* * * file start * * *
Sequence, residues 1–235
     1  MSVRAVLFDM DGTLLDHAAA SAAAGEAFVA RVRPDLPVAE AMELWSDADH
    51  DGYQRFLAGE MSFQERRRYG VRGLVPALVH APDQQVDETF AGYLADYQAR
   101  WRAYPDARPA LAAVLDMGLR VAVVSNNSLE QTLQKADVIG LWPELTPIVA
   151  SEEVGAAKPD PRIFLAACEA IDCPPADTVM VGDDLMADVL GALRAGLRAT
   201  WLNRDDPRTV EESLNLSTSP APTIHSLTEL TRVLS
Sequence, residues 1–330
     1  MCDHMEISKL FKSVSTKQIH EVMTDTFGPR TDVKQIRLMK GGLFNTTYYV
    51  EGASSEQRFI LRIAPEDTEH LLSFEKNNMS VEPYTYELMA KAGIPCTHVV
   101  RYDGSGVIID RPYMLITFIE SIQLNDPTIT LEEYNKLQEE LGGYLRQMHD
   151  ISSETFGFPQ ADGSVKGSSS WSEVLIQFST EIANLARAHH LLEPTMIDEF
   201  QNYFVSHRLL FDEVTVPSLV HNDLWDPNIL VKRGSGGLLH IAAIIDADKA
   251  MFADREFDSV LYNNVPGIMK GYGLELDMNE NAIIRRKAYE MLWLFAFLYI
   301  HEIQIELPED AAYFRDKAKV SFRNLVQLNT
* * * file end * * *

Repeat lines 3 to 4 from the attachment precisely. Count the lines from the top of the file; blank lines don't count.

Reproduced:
    51  DGYQRFLAGE MSFQERRRYG VRGLVPALVH APDQQVDETF AGYLADYQAR
   101  WRAYPDARPA LAAVLDMGLR VAVVSNNSLE QTLQKADVIG LWPELTPIVA